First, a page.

The more common term is prosperity gospel or prosperity theology. It’s the Christianity of Oral Roberts, Jim and Tammy Faye Bakker and Joel Osteen. And yes, it does harken back to the Puritan belief in predestination and worldly wealth as a symbol of being one of God’s chosen. I also find those ideas repulsive, both in the Puritans and the modern preachers of prosperity gospel.

        The contrast between prosperity gospel and real Christianity is well illustrated by the contrast in the actions of Joel Osteen and Jim “Mattress Mack” McInvale, who opened his stores for weeks to the many victims of Hurricane Harvey in 2017 while Osteen kept his massive house of worship shuttered. He didn’t want all those suddenly homeless, his neighbors and congregants, soiling his new carpets.

        • Aletheia in Athens says:

          I was just reading yesterday night the passage on The Great Inquisitor, from The Karamazov Brothers, recommended as very useful to help understand this moment in time by a great historian and journalist currently exiled in Miami…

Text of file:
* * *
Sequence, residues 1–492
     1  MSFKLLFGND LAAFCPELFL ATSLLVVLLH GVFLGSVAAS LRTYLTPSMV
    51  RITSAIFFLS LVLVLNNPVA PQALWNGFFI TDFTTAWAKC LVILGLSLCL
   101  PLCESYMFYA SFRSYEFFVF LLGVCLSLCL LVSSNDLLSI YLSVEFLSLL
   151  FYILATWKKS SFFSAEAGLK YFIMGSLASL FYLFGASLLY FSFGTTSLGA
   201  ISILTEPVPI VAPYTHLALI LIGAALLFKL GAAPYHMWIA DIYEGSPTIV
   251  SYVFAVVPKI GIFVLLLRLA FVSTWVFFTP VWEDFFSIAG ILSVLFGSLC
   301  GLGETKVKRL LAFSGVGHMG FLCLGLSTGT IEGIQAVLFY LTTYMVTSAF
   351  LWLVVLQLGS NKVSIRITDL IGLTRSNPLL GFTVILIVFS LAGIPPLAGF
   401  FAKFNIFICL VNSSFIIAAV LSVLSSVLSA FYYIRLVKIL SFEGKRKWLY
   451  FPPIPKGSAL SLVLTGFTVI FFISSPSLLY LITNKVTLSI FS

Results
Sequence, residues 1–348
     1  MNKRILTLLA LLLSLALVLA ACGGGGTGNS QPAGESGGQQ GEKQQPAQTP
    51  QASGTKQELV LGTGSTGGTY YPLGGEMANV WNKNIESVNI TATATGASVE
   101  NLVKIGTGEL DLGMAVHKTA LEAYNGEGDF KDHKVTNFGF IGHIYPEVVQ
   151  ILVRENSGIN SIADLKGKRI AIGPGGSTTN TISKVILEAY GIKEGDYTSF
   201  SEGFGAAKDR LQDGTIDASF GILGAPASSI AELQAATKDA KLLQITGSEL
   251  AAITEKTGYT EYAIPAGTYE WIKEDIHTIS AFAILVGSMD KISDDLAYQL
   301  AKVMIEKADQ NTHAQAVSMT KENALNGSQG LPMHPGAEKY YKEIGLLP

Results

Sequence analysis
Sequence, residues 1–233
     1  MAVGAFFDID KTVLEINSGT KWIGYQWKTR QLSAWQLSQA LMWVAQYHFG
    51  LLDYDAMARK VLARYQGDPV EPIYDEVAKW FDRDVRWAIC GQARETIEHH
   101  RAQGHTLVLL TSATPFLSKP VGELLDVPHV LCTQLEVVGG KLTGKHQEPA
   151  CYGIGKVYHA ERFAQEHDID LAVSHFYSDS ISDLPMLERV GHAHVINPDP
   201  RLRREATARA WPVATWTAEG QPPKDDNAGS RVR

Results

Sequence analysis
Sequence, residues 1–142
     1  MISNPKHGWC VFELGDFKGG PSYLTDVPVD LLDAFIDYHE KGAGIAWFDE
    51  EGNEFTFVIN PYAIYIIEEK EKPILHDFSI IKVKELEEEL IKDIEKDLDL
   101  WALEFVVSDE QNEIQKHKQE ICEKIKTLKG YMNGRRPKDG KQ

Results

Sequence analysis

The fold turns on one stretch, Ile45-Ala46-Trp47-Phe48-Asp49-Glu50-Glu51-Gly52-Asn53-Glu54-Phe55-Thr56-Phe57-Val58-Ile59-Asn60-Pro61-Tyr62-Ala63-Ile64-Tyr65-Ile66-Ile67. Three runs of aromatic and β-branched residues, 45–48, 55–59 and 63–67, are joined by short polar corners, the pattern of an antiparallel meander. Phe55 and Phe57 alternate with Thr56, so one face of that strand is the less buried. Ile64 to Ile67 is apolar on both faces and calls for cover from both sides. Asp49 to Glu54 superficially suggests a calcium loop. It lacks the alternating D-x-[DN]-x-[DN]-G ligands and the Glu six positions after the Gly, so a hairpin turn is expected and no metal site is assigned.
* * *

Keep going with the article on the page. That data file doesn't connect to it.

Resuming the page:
• smoke says:

            “The Grand Inquisitor”, a brilliant chapter. I remember reading it first in mid-teens. Surely, that can’t be so, I thought. Not in this time, not in this country. Still the scene lingered unforgettable, disturbing. Decades later, the more I see of the human world, the more Dostoevsky’s dark vision of human nature seems inspired.

        • Barbara Ann says:

          What are these Puritans’ teachings on Matthew 19:24?

          • Pat Lang says:

            Barbara Ann

            Am not one although have many ancestors who were. I do not not know.

          • TTG says:

            I don’t know either, Barbara Ann. Maybe they just ignored that one. Picking and choosing what one wants from the old and new testaments is a tradition among all kinds of Christians. The lessons of the sermon on the mount are dismissed as the woke rantings of a trouble maker by many.